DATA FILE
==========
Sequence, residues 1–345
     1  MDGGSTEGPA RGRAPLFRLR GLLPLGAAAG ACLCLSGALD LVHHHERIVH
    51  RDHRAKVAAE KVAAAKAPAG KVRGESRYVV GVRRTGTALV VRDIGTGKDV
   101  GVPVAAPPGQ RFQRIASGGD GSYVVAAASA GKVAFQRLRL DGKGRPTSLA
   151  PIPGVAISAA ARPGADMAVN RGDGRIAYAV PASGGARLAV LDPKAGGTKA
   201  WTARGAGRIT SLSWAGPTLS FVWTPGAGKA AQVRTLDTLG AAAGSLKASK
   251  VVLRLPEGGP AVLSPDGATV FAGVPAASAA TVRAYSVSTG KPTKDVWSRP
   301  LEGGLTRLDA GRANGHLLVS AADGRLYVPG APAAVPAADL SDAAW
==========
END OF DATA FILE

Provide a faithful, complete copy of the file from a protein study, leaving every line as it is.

Sequence, residues 1–345
     1  MDGGSTEGPA RGRAPLFRLR GLLPLGAAAG ACLCLSGALD LVHHHERIVH
    51  RDHRAKVAAE KVAAAKAPAG KVRGESRYVV GVRRTGTALV VRDIGTGKDV
   101  GVPVAAPPGQ RFQRIASGGD GSYVVAAASA GKVAFQRLRL DGKGRPTSLA
   151  PIPGVAISAA ARPGADMAVN RGDGRIAYAV PASGGARLAV LDPKAGGTKA
   201  WTARGAGRIT SLSWAGPTLS FVWTPGAGKA AQVRTLDTLG AAAGSLKASK
   251  VVLRLPEGGP AVLSPDGATV FAGVPAASAA TVRAYSVSTG KPTKDVWSRP
   301  LEGGLTRLDA GRANGHLLVS AADGRLYVPG APAAVPAADL SDAAW